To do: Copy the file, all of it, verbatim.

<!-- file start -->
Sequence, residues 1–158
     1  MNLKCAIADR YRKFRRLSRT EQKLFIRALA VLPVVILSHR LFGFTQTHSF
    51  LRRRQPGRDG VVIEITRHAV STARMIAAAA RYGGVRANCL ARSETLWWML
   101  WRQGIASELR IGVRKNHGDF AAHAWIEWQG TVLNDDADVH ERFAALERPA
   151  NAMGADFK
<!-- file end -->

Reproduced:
Sequence, residues 1–158
     1  MNLKCAIADR YRKFRRLSRT EQKLFIRALA VLPVVILSHR LFGFTQTHSF
    51  LRRRQPGRDG VVIEITRHAV STARMIAAAA RYGGVRANCL ARSETLWWML
   101  WRQGIASELR IGVRKNHGDF AAHAWIEWQG TVLNDDADVH ERFAALERPA
   151  NAMGADFK